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Leading with their heads

No. 6 Cal, No. 11 Oregon playing mind games before today's Pac-10 showdown

September 29, 2007|Thomas Bonk | Times Staff Writer

What happens when Oregon's Dennis Dixon, the Pacific 10 Conference's total offense leader, a quarterback who hasn't thrown an interception and directs a team averaging 48.5 points and 537 yards a game, runs straight into the defense of the California Golden Bears?

"We're already in his head," Cal cornerback Brandon Hampton said.

He should know. When the Ducks played the Bears last year, Hampton picked off a pass by Dixon on the first play from scrimmage, which led to a California touchdown, a prelude to Cal's 45-24 victory. It was an outcome that sent the then-11th-ranked Ducks spiraling toward a 7-6 disappointment of a season.

The rematch today will be played amid the usual ear-splitting decibel levels at Autzen Stadium in Eugene, Ore. -- where anything can happen except peace and quiet.

"It's a zoo," Bears right guard Noris Malele said of the Ducks' home. "It's the noisiest place in the Pac-10."

There is much for Oregon followers to shout about these days. Dixon had five touchdowns and passed for 367 yards last week when Oregon dusted Stanford, 55-31. Will there be a repeat performance this week against the Bears?

Hampton won't hear of it: "He's a pretty good player, but I'm sure he's been thinking about us all week. So we're already in his head before the game even starts."

Dixon will break down, Hampton said, like all quarterbacks.

"If you bring pressure, some take longer to break down," he said, "but they will break down."

There are plenty of pressing matters worth breaking down in the Cal-Oregon matchup, the first heavyweight showdown in the Pac-10 this year. Both teams are 4-0 overall, 1-0 in conference, and nationally ranked -- Cal sixth in the Associated Press poll and Oregon 11th.

From the perspective of the Golden Bears, it's already a critical juncture in the season.

Look at the numbers. Cal has been ranked 22 consecutive weeks and 48 of the last 52. But the Bears have been ranked higher than No. 6 only six weeks -- all in 2004 -- in the last 54 years.

Coach Jeff Tedford, who has started 5-0 once in his five years with the Bears, was a lot more diplomatic than Hampton on the subject of Dixon and his role leading the No. 1 scoring offense in the Pac-10.

"He's in his comfort zone right now," Tedford said. "He's such a threat. And no interceptions. When he does pull it down and run, he can make you miss. That's the scary thing."

The scariest thing for Cal may be that it hasn't won in Eugene since 1987. But Tedford has an answer for that, too.

"A 20-year streak has nothing to do with these guys on our team," he said. "They weren't even born 20 years ago."

Hampton said what the Bears are thinking about is down the road, and that winning today keeps them traveling in the right direction. That would be straight into Bowl Championship Series territory, something either Cal or Oregon will keep tracking with a victory, besides stepping into the circle as USC's top rival for the Pac-10 title.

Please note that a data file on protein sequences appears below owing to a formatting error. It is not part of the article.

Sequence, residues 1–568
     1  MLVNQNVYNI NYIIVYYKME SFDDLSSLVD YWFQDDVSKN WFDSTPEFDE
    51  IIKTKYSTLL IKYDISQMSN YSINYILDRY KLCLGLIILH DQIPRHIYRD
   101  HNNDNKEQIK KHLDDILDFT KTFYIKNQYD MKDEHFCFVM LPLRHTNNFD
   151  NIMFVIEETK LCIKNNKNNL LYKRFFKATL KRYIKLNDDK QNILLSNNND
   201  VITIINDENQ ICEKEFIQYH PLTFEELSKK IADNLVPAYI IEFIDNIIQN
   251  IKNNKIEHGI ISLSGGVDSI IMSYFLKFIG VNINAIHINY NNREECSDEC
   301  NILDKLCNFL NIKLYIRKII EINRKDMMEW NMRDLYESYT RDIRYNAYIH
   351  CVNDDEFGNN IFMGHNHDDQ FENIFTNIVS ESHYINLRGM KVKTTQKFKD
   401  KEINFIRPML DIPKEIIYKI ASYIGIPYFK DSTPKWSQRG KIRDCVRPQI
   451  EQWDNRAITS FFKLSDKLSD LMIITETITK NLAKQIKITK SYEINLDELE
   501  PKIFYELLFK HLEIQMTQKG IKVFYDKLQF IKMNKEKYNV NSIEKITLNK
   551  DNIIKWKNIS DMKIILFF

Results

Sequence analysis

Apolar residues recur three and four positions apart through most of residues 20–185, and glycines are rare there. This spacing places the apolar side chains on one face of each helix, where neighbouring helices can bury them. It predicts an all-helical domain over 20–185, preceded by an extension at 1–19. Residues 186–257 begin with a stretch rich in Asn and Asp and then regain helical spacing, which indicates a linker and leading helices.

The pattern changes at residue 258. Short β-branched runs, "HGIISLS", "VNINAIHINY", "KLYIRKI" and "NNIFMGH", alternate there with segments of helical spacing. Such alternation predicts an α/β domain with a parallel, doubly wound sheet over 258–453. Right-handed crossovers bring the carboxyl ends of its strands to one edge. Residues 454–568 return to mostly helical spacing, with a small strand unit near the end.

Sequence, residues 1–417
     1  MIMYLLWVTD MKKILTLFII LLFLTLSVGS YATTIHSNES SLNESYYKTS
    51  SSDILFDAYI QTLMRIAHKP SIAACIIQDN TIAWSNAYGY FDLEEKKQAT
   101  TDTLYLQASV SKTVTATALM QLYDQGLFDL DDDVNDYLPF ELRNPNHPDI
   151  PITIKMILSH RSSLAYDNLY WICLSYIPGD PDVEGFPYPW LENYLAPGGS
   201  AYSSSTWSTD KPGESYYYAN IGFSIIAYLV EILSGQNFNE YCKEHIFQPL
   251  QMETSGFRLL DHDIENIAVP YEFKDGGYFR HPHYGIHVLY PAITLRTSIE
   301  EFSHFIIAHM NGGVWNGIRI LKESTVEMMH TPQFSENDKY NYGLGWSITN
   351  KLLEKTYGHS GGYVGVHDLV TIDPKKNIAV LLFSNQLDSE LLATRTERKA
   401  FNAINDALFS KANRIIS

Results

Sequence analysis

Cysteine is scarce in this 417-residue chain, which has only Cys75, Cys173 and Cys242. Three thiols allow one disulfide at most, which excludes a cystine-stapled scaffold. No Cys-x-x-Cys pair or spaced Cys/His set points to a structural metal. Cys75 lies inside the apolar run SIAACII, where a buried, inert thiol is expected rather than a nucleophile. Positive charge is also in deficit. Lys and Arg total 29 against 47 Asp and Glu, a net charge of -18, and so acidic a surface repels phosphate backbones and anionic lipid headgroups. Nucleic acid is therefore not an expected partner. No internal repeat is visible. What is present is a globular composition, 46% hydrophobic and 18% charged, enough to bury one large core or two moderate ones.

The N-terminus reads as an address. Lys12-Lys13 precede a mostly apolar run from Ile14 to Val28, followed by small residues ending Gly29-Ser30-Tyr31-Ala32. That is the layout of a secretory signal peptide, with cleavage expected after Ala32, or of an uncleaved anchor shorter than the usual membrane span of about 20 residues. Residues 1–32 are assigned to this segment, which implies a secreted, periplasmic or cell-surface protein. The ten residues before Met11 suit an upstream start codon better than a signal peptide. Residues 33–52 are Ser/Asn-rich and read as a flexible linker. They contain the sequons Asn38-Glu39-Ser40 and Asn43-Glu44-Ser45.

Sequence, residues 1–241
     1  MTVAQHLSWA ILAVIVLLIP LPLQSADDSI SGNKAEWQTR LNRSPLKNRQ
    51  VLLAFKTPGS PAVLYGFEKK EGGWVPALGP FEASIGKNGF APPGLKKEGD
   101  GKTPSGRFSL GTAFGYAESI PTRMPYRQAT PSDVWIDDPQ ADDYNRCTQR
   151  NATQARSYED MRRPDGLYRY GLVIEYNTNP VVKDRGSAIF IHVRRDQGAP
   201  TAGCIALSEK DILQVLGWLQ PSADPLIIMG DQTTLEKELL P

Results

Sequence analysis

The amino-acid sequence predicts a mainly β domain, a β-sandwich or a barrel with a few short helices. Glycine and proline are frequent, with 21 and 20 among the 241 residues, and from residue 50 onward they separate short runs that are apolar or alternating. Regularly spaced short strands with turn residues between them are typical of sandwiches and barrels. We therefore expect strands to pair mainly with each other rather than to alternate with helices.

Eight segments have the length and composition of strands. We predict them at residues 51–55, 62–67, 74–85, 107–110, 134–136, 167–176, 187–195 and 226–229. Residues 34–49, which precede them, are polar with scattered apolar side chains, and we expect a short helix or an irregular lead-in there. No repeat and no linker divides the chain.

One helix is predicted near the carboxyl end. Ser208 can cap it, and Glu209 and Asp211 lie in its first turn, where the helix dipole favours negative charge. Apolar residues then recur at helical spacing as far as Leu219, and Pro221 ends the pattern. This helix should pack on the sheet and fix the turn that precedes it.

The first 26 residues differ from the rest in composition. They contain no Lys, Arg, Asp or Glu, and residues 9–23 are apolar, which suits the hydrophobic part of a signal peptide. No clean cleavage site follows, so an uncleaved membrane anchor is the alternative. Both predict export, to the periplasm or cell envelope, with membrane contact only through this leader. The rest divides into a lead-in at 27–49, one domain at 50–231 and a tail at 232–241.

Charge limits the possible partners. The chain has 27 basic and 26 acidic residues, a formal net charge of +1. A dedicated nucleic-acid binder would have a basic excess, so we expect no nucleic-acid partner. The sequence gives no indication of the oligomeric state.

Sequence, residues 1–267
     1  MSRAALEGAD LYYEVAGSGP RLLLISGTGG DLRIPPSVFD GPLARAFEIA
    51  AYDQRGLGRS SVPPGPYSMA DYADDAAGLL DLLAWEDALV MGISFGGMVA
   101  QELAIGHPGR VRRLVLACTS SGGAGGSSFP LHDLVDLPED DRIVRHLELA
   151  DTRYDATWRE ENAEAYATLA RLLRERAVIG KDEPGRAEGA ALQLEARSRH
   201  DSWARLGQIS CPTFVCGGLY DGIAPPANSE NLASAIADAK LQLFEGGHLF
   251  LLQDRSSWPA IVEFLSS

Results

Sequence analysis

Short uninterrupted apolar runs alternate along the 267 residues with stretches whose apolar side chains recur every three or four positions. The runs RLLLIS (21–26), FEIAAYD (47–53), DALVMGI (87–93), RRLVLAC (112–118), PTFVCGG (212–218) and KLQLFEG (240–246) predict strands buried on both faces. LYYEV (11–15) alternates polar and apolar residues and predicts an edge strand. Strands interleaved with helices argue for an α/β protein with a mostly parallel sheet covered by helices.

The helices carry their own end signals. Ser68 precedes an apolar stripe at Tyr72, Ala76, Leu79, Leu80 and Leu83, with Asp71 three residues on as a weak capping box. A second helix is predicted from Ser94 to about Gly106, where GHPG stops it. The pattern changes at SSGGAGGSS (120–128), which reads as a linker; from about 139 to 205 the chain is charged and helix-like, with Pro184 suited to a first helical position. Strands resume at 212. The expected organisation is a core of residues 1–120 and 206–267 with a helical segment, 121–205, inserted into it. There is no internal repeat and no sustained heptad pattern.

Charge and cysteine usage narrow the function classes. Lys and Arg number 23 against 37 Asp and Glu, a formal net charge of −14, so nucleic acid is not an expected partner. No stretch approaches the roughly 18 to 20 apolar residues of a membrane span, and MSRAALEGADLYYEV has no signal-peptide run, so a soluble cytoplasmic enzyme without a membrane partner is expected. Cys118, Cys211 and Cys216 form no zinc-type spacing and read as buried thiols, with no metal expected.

As for the loser, it's not too early to start making plans for the Holiday Bowl.

Tedford said he's thinking about the Ducks, not the BCS, which he says "has nothing to do with anything. I'm not really concerned with it."

But Hampton knows what's at stake against Oregon.

"Of course this is our toughest game so far and they've been beating up on people pretty good," he said. "We have got to win the game to have something meaningful at the end of the year."

And the Bears are going to have to get it done at 41-year-old Autzen, the 54,000-seat stadium that has a field of artificial turf and a team of very authentic firepower. Oregon has won its four games with ease, scoring 48, 39, 52 and 55 points.

"They really haven't been slowed down," Tedford said.

Besides limiting Dixon, Cal's defense must focus on running back Jonathan Stewart, a 230-pound junior who leads the Pac-10 with a rushing average of 125.8 yards a game.

The Bears are averaging 41.5 points a game and counter offensively with quarterback Nate Longshore, receiver-punt return mogul DeSean Jackson and senior tailback Justin Forsett. With Marshawn Lynch gone to the NFL, Forsett is finally getting his turn and he's averaging 5.7 yards a carry and 121 a game -- second to Stewart in the conference.

Jackson hasn't really gotten untracked, in part because he's been attracting extra coverage, according to Tedford.

Jackson averaged 18 yards on his 59 catches last year, but is averaging fewer than nine yards on his 17 receptions this year.

"We need to get the ball in his hands a little more," Tedford said.

The chance for either the Bears or the Ducks to keep moving up in the Pac-10? It's in their hands.

--

thomas.bonk@latimes.com

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